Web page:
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Tuesday, Jul 24 2012 10:30 PM

LOIS HENRY: Governor's Delta tunnel plan: devil is in the details

By LOIS HENRY, Californian columnist

Local agricultural water districts will be listening closely to Gov. Jerry Brown's announcement today about his plans to fix the Sacramento-San Joaquin Delta.

Brown wants to run Sacramento River water through twin tunnels beneath the Delta's tangle of channels and islands to giant state and federal pumps at Tracy.

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Lois Henry hosts Californian Radio every Wednesday on KERN 1180 AM from 9 to 10 a.m. You can get your two cents in by calling 842-KERN.

In particular, water folk will be looking for three very specific devils in the details that Brown may, or may not, give today. Those are: supply, cost and assurance.

* How much will the project yield, exactly?

* If water has to be diverted from the project for environmental uses, who pays for that?

* Will contractors be able to rely on a specific amount of water from the project?

So far, those details have not been forthcoming through the six-year-long Bay Delta Conservation Plan (BDCP), which is the environmental process underpinning the governor's tunnel plan.

Water contractors have not only waited six years for such details, they've also been the ones paying to keep the BDCP process afloat, about $160 million for studies so far.

Contractors, both state and federal, have tentatively signed on for another $80 million.

But patience, and wallets, are wearing thin.

Two of Kern County's smaller districts, Tehachapi-Cummings and Henry Miller, have already pulled out of funding the BDCP and other districts have been teetering.

"It's like going into a car dealership, plunking down $12,000 and saying will you give me a car? And the dealer says, 'Well, maybe. It depends...'" was Rosedale-Rio Bravo General Manager Eric Averett's take on the process.

The stakes are huge for contractors like Rosedale and other districts locally.

That's because, if the tunnels go forward, the water contractors will be on the hook for the entire cost, estimated now at $14 billion.

It's unclear if they would also pay operating costs. Habitat restoration of more than 100,000 acres, a so-called "co-equal goal" of the BDCP, would likely be paid for through state bonds.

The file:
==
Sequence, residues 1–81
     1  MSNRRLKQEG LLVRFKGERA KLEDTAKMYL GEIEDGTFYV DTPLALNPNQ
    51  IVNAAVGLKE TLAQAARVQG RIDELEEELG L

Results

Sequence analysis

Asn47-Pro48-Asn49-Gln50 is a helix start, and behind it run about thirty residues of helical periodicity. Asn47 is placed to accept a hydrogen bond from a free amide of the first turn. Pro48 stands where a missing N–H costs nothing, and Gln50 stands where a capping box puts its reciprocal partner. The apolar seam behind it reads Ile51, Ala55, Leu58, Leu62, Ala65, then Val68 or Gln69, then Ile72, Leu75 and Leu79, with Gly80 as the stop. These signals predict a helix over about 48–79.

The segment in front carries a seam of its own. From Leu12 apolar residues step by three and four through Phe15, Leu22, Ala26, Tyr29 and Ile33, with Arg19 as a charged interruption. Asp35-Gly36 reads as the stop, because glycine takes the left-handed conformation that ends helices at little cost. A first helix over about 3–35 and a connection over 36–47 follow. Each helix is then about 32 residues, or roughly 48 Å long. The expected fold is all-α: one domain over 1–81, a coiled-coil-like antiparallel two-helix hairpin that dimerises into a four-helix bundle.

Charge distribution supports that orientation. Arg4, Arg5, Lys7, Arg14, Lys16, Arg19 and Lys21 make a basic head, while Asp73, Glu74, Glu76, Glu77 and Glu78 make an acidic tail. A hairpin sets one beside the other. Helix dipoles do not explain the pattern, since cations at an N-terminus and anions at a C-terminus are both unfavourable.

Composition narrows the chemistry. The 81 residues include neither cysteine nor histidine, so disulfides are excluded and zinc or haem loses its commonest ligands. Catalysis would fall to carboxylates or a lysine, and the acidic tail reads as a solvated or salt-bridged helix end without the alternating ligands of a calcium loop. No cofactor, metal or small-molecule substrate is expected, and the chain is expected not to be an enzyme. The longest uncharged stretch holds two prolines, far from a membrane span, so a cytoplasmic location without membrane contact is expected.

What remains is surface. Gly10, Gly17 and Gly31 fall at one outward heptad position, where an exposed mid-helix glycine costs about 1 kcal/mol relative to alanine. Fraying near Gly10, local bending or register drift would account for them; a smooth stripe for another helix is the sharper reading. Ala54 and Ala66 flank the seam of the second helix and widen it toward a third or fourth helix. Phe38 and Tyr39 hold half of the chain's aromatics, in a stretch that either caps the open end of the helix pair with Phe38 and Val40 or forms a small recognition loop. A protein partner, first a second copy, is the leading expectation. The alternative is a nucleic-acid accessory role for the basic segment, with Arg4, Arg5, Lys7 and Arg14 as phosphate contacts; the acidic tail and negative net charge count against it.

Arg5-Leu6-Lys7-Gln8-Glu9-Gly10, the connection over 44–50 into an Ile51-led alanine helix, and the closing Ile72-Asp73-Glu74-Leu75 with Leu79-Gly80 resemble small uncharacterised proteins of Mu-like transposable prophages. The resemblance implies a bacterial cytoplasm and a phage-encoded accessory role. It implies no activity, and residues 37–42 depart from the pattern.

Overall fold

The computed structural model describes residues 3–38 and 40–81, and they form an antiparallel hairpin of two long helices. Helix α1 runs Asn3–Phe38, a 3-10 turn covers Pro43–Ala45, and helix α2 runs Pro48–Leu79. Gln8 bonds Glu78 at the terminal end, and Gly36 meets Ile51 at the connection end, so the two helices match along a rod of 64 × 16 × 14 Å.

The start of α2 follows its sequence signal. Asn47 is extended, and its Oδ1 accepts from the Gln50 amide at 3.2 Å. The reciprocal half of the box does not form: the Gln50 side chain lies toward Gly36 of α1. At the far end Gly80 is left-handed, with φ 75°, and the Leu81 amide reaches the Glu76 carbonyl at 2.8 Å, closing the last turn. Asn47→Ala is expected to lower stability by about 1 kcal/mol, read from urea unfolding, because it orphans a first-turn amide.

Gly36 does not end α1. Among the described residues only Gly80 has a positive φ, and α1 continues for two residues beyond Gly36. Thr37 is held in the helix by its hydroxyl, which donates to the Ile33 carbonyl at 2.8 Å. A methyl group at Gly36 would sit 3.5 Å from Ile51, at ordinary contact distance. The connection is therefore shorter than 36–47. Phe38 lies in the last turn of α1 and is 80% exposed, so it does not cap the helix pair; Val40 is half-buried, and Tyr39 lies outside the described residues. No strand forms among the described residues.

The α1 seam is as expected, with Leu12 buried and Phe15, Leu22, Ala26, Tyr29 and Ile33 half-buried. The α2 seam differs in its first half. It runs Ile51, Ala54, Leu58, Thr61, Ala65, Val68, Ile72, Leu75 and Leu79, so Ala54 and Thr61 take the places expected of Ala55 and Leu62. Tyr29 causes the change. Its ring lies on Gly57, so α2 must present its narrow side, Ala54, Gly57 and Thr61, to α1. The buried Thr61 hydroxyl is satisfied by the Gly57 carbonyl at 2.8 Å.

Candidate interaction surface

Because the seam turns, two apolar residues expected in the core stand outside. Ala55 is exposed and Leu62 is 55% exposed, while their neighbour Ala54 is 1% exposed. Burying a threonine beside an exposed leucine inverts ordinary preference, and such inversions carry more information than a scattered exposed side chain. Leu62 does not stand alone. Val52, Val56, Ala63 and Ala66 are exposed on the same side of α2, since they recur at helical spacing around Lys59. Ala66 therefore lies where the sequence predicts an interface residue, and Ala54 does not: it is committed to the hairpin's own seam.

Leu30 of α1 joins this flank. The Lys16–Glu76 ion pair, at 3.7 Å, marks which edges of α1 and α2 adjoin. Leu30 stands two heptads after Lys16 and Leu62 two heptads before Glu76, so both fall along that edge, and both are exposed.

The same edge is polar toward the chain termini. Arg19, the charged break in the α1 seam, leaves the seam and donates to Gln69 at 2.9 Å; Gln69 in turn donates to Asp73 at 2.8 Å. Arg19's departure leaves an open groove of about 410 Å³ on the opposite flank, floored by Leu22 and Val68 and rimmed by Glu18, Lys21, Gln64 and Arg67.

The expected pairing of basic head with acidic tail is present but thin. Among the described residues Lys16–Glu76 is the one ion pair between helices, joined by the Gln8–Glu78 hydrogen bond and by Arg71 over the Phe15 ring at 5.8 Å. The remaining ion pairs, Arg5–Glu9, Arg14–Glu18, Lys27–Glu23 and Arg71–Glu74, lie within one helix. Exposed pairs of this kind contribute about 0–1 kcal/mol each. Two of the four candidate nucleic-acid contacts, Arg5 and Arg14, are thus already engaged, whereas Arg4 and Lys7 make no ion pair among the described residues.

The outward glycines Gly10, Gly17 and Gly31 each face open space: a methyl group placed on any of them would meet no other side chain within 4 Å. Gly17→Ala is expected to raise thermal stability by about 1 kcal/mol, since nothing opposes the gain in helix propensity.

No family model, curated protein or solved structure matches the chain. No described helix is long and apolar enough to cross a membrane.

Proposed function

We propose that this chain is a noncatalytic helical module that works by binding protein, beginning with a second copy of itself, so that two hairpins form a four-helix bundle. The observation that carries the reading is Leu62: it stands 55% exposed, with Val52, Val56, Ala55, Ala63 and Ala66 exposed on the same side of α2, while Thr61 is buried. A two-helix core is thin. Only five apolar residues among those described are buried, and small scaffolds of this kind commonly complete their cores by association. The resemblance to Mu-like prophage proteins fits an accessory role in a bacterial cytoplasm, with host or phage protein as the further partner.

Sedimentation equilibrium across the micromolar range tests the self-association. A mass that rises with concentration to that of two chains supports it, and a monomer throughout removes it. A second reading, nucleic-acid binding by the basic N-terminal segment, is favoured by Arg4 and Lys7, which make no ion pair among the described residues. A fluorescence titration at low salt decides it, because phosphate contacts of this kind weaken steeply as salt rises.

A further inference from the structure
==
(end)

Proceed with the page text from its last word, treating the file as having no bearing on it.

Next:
When it comes to water and that kind of money, contractors aren't in lock step. Even ag districts will differ among themselves.

It all depends on each district's financial situation and what other water supplies they have, said Kern County Water Agency General Manager Jim Beck.

"It can get down to the individual growers to determine if it's truly economical," he said.

But, again, that all depends on the details.

Beck isn't expecting specific numbers from the governor today. What he and other water contractors want is for the governor to lay out a path including dates for when the BDCP will be able to give specific numbers on cost, supplies, etc.

And it needs to happen soon.

"We cannot go to next June without knowing that information," Beck said.

If enough water districts do walk away from the BDCP, the project could come down to just a few players, such as the Metropolitan Water District (MWD), which supplies hundreds of communities in Southern California, and Westlands Water District, which covers western Fresno County.

It's likely both, or MWD alone, could pay for a smaller project to serve their own needs, though that's a distant possibility.

Still it's a scenario that has ag districts like Rosedale figuring more "what ifs" into potential continued support of the BDCP.

Water contracts would be good until 2035, Averett said, but contractors all recognize that without a new conveyance system they would likely continue to suffer ever more unreliable water supplies.

So, in that sense, the state has them somewhat over a barrel.

"Yeah, and it's a really uncomfortable barrel," Averett said.

Even with all the unanswered questions, contractors were encouraged by the attention Brown has given this issue.

"Six years ago, it was taboo to even say the words 'peripheral canal,'" said Brent Walthall, KCWA's assistant general manager. "Today, we're not talking about whether it's doable, but what size."

Opinions expressed in this column are those of Lois Henry, not The Bakersfield Californian. Her column appears Wednesdays and Sundays. Comment at http://www.bakersfield.com, call her at 395-7373 or e-mail lhenry@bakersfield.com

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